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US Congress debates cellphone cancer risk

Nothing better to do, apparently

Internet Security Threat Report 2014

The House Subcommittee on Domestic Policy has been hearing from cancer researchers - and the wife of a cancer-sufferer - about the dangers of uncontrolled mobile phone use and how more research is needed.

Citing the usual comparison with tobacco - everyone thought it was safe but it really was causing cancer - researchers from the University of Albany and the University of Pittsburgh Cancer Institute called for more research and warnings to the public that using mobile phones might be unsafe.

The two experts giving testimony to the committee agreed that the rise in temperature caused by holding an operating phone beside the head isn't significant, but both claimed that more subtle affects could be at work, with Dr. David Carpenter of the University of Albany being most stark in his warnings:

"The evidence available now poses the frightening strong possibility [sic] that we are facing an epidemic of brain cancer and other cancers in the future as a result of the uncontrolled use of cell phones."

Dr. Ronald Herberman was slightly less dramatic, pointing out that the most serious danger presented by cell phones is being hit by a driver talking on one. But he restated his belief that there is a significant risk from cellphone use - as iterated in the memo he sent out to University staff in July.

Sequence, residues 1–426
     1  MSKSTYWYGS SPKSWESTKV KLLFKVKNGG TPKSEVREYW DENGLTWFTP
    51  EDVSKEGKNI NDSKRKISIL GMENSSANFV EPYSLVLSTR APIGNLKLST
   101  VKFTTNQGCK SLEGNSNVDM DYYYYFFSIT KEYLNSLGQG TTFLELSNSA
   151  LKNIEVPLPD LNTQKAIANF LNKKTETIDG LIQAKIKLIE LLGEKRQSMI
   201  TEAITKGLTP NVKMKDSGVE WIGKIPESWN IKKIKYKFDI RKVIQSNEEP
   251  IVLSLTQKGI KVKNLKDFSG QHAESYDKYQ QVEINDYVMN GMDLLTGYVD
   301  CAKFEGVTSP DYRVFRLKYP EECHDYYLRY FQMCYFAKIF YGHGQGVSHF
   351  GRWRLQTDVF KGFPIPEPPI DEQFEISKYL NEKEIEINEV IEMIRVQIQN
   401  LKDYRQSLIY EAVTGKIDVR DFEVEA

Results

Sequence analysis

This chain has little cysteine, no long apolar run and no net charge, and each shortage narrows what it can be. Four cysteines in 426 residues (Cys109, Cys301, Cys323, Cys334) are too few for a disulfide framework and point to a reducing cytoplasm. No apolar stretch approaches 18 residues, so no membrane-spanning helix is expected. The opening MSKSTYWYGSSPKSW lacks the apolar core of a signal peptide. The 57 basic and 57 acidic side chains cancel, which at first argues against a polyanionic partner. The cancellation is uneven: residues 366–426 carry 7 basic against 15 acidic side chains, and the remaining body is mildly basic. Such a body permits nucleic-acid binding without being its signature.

CTIA, the mobile industry trade association, was asked to speak but decided to rely on a written statement - no doubt as an in-depth analysis of the mathematical basis behind the claims and counterclaims would bore the committee beyond understanding, while statements such as "four times the risk," and the tragic testimony of a cancer-sufferer's wife are much easier to digest.

Analysis of cancer rates continues, but until the yuppies who've had cellphones glued to the side of their faces since the 80s start dropping dead, we're not going to start panicking. ®

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Internet Security Threat Report 2014
An overview and analysis of the year in global threat activity: identify, analyze, and provide commentary on emerging trends in the dynamic threat landscape.